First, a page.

In­dus­try cap­tains ex­press bud­get re­view ex­pec­ta­tions

Chronicle (Zimbabwe) - - Business Chronicle - Mor­ris Mpala Oliver Kazunga

LIFE in gen­eral is bi­nary in na­ture. It’s ei­ther zero or one (0s & 1s), yes or no, in or out, with or without; the list is end­less. There was never in-be­tween and there isn’t now and it won’t be in the fu­ture. Dur­ing eco­nomic try­ing times we ask our­selves are we part of the prob­lem or part of the solution. Ask not what they can do for you but what you can do for them. This is the ba­sis for vi­able ex­is­tence.

Com­plain­ing doesn’t help. Blam­ing some­one doesn’t solve any­thing. Cry­ing post­pones the prob­lem. Do­ing noth­ing com­pounds the chal­lenge.

Wish­ing away is just that, wishes, it doesn’t change the sta­tus quo.

As long as noth­ing is done about chal­lenges then chal­lenges will re­main. Only you can change the sit­u­a­tion. Which part of the di­vide do you be­long to of ei­ther solution or prob­lem? You can’t be on the fence as it were. What­ever cir­cum­stances we are in it’s be­cause we are not tak­ing nec­es­sary ac­tion to rem­edy the sit­u­a­tion.

If you are not part of a solution please know you are trav­el­ling on the wider path. Do us a favour by look­ing for the nar­row path that leads to fi­nan­cial free­dom.

You know where you stand so let’s be truth­ful and move over to the right side.

So many a time we are just com­plain­ing and be­ing too neg­a­tive to pre­scribe so­lu­tions to our chal­lenges. We are our worst en­e­mies by com­pound­ing chal­lenges at hand ei­ther by do­ing noth­ing or by aid­ing the grav­ity of our chal­lenges.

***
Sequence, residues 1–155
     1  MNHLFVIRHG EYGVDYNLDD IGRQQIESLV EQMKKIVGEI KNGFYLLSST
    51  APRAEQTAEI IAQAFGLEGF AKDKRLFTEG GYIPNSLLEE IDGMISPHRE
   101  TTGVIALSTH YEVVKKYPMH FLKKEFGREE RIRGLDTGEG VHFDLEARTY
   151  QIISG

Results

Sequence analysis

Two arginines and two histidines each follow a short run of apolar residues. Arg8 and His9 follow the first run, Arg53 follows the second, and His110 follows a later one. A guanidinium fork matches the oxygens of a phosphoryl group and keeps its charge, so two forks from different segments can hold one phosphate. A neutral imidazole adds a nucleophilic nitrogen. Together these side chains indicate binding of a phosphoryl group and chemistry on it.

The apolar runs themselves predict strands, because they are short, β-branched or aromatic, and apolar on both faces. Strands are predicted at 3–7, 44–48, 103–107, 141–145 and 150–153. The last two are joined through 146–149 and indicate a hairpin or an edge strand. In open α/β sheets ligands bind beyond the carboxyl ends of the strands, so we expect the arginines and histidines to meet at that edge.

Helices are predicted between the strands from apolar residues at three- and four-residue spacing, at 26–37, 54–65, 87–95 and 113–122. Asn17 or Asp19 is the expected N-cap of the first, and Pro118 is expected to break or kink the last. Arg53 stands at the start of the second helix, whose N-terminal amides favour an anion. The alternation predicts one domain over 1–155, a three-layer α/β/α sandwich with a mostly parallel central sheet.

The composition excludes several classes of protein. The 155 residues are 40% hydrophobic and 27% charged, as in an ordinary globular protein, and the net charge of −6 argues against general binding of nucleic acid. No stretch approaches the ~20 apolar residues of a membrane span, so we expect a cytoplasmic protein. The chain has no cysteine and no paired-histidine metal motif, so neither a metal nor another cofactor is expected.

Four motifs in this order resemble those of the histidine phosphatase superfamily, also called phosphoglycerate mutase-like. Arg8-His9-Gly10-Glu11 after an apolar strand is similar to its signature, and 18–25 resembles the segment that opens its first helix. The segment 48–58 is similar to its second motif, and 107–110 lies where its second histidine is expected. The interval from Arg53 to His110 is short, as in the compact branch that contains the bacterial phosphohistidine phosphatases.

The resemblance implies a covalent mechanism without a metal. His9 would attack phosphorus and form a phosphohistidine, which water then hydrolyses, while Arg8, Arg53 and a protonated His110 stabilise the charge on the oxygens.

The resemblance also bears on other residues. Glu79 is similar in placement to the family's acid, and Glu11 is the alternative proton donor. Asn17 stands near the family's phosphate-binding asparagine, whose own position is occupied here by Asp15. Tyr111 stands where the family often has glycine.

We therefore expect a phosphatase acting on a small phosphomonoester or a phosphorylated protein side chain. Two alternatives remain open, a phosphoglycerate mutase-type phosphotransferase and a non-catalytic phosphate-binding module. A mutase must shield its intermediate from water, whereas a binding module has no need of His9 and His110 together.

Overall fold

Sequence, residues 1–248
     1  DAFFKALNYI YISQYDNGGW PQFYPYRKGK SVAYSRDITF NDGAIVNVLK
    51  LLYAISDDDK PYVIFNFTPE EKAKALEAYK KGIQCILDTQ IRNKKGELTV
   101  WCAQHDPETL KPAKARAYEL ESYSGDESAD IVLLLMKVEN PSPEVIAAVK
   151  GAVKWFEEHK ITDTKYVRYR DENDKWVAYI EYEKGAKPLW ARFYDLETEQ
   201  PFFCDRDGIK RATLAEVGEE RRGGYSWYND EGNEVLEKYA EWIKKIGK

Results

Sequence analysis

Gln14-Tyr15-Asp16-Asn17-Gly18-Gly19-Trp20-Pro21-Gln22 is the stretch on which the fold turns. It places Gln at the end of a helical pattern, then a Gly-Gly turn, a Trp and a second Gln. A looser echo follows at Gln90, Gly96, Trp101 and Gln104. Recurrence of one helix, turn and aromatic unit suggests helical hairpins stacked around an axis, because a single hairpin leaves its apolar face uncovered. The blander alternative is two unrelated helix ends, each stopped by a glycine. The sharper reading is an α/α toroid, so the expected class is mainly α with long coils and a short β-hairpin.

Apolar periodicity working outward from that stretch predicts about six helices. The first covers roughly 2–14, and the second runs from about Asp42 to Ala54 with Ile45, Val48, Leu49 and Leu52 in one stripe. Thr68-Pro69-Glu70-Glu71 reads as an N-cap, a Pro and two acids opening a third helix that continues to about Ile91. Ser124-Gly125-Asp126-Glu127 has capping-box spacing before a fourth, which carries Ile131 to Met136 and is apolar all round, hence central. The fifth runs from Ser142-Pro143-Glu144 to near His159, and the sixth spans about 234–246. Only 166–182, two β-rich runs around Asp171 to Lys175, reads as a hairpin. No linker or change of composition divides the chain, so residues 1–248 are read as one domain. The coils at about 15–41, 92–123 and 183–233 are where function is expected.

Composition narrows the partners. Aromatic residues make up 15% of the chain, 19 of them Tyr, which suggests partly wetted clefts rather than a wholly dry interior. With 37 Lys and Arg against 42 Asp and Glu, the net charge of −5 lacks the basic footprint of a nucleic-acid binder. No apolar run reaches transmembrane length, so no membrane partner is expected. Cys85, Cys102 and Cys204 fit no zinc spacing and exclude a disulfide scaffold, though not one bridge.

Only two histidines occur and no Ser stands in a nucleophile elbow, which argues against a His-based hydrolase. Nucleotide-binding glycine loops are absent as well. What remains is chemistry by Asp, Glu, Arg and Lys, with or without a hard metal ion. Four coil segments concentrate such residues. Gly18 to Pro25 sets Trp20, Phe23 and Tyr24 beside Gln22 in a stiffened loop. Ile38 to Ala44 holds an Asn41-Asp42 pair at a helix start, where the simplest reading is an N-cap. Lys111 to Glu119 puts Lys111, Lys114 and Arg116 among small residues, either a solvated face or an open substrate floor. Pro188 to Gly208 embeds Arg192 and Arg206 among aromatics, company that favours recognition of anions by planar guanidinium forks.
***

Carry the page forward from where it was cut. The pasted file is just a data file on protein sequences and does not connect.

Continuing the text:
No need to com­plain but of­fer so­lu­tions in­stead. Be part of the fo­cus group or think tank that is look­ing THE 2016 Mid-Term Na­tional Bud­get re­view should fo­cus on sta­bil­is­ing the econ­omy through re­duc­ing the fis­cal deficit and hon­our­ing the Lima agree­ment to un­lock new lines of credit to sup­port growth, in­dus­try cap­tains have said.

Na­tional fo­cus will be on Fi­nance and Eco­nomic De­vel­op­ment Min­is­ter Pa­trick Chi­na­masa as he presents the mid-term fis­cal pol­icy state­ment to­mor­row.

To­mor­row’s pre­sen­ta­tion comes at a time when the coun­try is ex­pe­ri­enc­ing eco­nomic re­gres­sion due to liq­uid­ity con­straints and lack of the much-needed for­eign di­rect in­vest­ment to stim­u­late pro­duc­tion in the man­u­fac­tur­ing sec­tor.

Poor yields in the wake of the El-Nino-in­duced drought have also damp­ened prospects for growth forc­ing a re­duc­tion of ini­tial es­ti­mated growth pro­jec­tion of 2.7 per­cent this year. Con­fed­er­a­tion of Zim­babwe In­dus­tries (CZI) vice pres­i­dent Mr Sife­lani Ja­bangwe said fis­cal deficit and the ex­ter­nal debt were chok­ing the coun­try from se­cur­ing fresh cap­i­tal in­jec­tion to stim­u­late pro­duc­tion in the man­u­fac­tur­ing sec­tor.

Zim­babwe owes an es­ti­mated $600 mil­lion to the African De­vel­op­ment Bank, $110 mil­lion to the In­ter­na­tional Mon­e­tary Fund and $1 bil­lion to the World Bank.

The coun­try’s cred­i­tors ac­cepted the coun­try’s debt clear­ing strat­egy in Lima, Peru, last year where the IMF laid the debt clear­ance strat­egy in the first half of 2016.